Winning Acromegaly Battles With Behavior Modification Using Successive Approximation
Living with a chronic disease like acromegaly isn’t always easy and some days can seem darker than others. But if you’re feeling especially hopeless or defeated, there are a variety of ways you can try to pick yourself up.
One of these is a technique called successive approximation, or shaping, which sounds fancy but really isn’t at all. In fact, you’ve likely heard of this approach before but just didn’t know its scientific name. So just call it “baby steps” if that works better for you. The idea is the same, and you may be surprised how effective it can be.
“Ten baby steps equals one, big, giant Mother-May-I step.”
Linda Rio, MA, LMFT
What is Successive Approximation?
The method of successive approximations is a behavior-shaping technique identified in psychology. Instead of reinforcing a single desired response, shaping reinforces a series of responses that are progressively closer to the end goal.1
We use this technique when learning to walk or write, or when tackling more complex skills like learning to play a song on the piano.1 You don’t play it perfectly the first time. You learn some notes correctly in row, then passages, then gradually the entire song. The key is acknowledging accomplishments at steps along the way to the end goal.
You’re still on the path, even with small steps
As anyone with acromegaly can attest, living with a rare disease can present a lot of opportunities for depression, anxiety, isolation, and other negative emotions to creep in and drag you down. But as Linda Rio, MA, LMFT, editor of The Hormone Factor in Mental Health and co-editor of Pituitary Disorders: Diagnosis and Management notes, “For a lot of patients, when I have talked to them, it does feel hopeless. But the steps we make are not about perfection. Sometimes it starts with just going online and searching about their illness and that’s a beginning. The important thing is that you’re on the road. It doesn’t matter how slowly you get there, but it does matter to have some hope.”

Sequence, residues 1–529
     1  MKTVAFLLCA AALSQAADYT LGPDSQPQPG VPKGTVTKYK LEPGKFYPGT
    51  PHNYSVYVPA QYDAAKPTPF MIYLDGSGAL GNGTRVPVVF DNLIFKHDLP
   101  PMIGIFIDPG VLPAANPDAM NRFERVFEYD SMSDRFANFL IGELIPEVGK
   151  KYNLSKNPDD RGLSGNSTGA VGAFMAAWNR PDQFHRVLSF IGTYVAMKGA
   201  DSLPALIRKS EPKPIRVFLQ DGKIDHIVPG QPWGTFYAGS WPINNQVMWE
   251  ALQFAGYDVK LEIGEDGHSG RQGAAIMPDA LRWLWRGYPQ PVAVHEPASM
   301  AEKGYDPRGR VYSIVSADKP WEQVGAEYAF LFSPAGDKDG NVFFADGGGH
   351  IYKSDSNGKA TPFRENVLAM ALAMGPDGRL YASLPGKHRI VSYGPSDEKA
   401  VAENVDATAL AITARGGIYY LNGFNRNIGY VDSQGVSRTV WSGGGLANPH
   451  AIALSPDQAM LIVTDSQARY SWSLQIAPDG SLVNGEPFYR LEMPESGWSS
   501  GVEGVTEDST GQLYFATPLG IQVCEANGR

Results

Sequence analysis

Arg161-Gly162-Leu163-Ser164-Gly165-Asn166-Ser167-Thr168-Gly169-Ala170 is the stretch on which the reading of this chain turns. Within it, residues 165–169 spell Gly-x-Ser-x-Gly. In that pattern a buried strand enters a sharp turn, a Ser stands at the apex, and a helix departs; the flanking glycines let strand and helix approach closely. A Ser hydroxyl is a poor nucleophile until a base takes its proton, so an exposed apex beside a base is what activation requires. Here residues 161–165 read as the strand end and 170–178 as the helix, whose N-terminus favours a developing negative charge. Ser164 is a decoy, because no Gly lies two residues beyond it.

“Every success builds on success. “
Shawn Atchley, MA, LICW, LISW
Acromegaly patient and therapist Shawn Atchley, MSW has a similar perspective: “Short meditations or breathing exercises can help chop up large issues into smaller ones. Compartmentalization and particularization as well, so patients can handle small problems over time.” He often talks with patients about moving away from passivity to become more active. “If I’m depressed, I don’t want to get out of bed, but I might be able to get up and take a shower. I might be able to get up and fix breakfast. Once I get up and fix breakfast, then I might be able to go outside and sit on the porch. Then I might be able to take my dog for a walk. The more success we have, the more proactive we become, the more able we are to manage our symptoms.”
Successive approximation can be applied in all sorts of ways, to a variety of circumstances and goals that can help you face the challenges of living with acromegaly or other rare endocrine disease. For additional insights and supportive ideas, read our full interview with Shawn and Linda.